4 sidered in [15, 20, 28, 21]. In [14] Gudmundsson et al. also consider order-k Delaunay edges and study the problem of computing the set of order-k Delaunay edges which can be completed to a triangulation such that all the triangles have order at most k; however, order-k Delaunay graphs are not explicitly considered. A complementary approach consists of considering the set of all triangulations whose edges are constrained to have order at most k and use the diagonal flip operation that since its introduction by Lawson has been used as a heuristic for several quality criteria [22, 4]. This raises the issue of the connectivity of the corresponding flip graph, and that is why in Section 4, we study the combinatorial structure of the set of triangulations that can be constructed with edges from k-dg and show that it is connected under the flip operation if k 1 but not in general for other values, unless P is in convex position. 2 Order 15 Gabriel graph is Hamiltonian In this section, we show that for all k 15, the order-k Gabriel graph contains a Hamiltonian cycle. This shows that 15-DG is Hamiltonian, because it is known that the order k Gabriel graph (denoted k-gg) is a subgraph of the order k Delaunay graph. Although this result improves on the best previous result by Chang et al. [5], who showed that 20-DG is Hamiltonian, we think that it is still far from optimal, as we even conjecture that 1-DG is Hamiltonian. Ä The approach we take to prove this is the following. We first define a total order on all the Hamiltonian cycles through a given point set. We then show that the minimum element in this total order is a Hamiltonian cycle where every edge is contained in 15-GG. Before proving this theorem, we first need a useful geometric lemma about cones. ¾ Ê ¾ ¾ ¾ ¾ Figure 1: Illustration for Lemma 1 4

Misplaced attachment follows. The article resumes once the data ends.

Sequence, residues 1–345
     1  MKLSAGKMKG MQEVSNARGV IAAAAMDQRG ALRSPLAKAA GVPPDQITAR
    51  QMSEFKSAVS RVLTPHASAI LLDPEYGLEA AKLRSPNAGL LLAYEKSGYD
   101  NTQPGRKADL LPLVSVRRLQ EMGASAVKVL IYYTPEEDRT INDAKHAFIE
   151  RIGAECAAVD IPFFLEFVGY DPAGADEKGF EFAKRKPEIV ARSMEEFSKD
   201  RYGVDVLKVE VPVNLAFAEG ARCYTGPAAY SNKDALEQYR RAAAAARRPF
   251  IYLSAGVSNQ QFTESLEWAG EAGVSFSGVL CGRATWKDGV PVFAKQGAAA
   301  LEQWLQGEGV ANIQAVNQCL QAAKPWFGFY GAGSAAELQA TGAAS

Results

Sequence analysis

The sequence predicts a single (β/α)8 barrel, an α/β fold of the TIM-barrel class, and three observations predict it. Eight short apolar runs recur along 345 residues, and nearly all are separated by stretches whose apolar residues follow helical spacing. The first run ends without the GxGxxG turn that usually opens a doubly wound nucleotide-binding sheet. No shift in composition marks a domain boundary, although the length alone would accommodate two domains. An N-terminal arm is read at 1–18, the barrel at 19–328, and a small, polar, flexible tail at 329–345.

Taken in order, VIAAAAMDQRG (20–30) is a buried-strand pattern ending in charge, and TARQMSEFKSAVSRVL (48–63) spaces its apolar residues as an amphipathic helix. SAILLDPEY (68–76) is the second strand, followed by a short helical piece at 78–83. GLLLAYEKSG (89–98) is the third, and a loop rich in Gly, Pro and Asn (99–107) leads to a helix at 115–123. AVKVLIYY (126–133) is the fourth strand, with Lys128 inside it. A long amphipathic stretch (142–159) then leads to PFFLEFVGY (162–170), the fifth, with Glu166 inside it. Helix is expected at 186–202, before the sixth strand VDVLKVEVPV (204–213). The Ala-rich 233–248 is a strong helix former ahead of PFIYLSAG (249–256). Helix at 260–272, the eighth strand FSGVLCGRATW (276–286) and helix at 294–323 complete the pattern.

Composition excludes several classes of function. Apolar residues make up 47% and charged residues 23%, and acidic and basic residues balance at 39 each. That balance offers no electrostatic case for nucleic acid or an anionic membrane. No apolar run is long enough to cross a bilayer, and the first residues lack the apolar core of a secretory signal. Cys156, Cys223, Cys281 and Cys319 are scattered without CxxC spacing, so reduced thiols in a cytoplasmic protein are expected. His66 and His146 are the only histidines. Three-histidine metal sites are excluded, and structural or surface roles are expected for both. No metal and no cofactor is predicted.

5 Lemma 1. Let 0 < θ π/5. Let C(A, θ, L, R) be a cone with apex A, bounding rays L and R emanating from A and angle θ computed clockwise from L to R. Given two points x, y C(A, θ, L, R) both of whose distance to A is greater than 2k, for some constant k > 0, then either d(x, y) < 2k or d(x, y) < max{d(x, A) k, d(y, A) k}. Proof. First, consider the case where θ = π/5. See Figure 1 for an illustration of cone C(A, θ, L, R). Let e be the point on R at distance k from A. The points c and d are on L and R respectively such that Ac = Ad and cd = 2k. The points a and b are on L and R, respectively, both at distance 2k from A. Since θ = π/5 and triangles (a, c, d) and (A, c, d) are similar and isosceles, we have that ad = 2k and d(a, d) = k/ sin(π/10) > 3.2k. Given two points x, y C(A, θ, L, R) we need to show that d(x, y) has one of the two properties in the statement of the lemma. Without loss of generality, assume that x is further from A than y and that y is to the left of x (i.e., y is to the left of the line through A and x oriented from A to x). All other situations are symmetric. If x is in the interior of the cone, rotate the cone counter-clockwise around A until x lies on R. Since y is to the left of x, the point y is still in the interior of the cone. Since we assume that 2k < d(x, A), we have only two cases to consider: when 2k < d(x, A) k/ sin(π/10) and d(x, A) > k/ sin(π/10). In what follows, we use the notation D(z, r) to represent a disk centered at point z with radius r. Case 1: (2k < d(x, A) k/ sin(π/10)) If 2k < d(x, A) k/ sin(π/10), then both x and y are in the region defined by C(A, θ, L, R) D(A, k/ sin(π/10)) D(A, 2k), where D(A, 2k) is the complement of the disk centered at A with radius 2k. Since we noted above that the diameter of this region is 2k, we have that d(x, y) 2k. Now, the only time d(x, y) = 2k is when x is on d and point y is either on a or c. However, when x = d, we have that d(x, A) k > d(x, y). Therefore, the conditions of the lemma have been met in this case. Case 2: (d(x, A) > k/ sin(π/10)). When d(x, A) > k/ sin(π/10) then by construction the furthest point from x is a, so we can assume that y is a. We need to show that d(x, a) < d(x, A) k. This is equivalent to showing that d(x, a) < d(x, e). Let g = R D(x, ax ). Consider the isosceles triangle (g, a, x). Since (a, x, e) < (a, d, e), the point g must be on the interior of the segment eb. Therefore, d(x, a) < d(x, A) d(a, e) as required. We have shown that the lemma holds for cones where θ = π/5. Notice that the lemma trivially holds for cones whose angle is smaller since a cone of angle π/5 contains the cone with smaller angle. The preceding lemma is used to show the following: if a minimum Hamiltonian cycle contains an edge e that is not 15-GG, then a set of edges (including e) can be deleted from the cycle followed by the insertion of a different set of edges to build a Hamiltonian cycle with lower weight, thereby contradicting the minimality of the original cycle. Theorem 1. Given a set P of n points in the plane in general position, the graph 15-GG contains a Hamiltonian cycle. Proof. Let H be the set of all Hamiltonian cycles through the points of P. Define a total order on the elements of H in the following way. Given an element h H, define the 5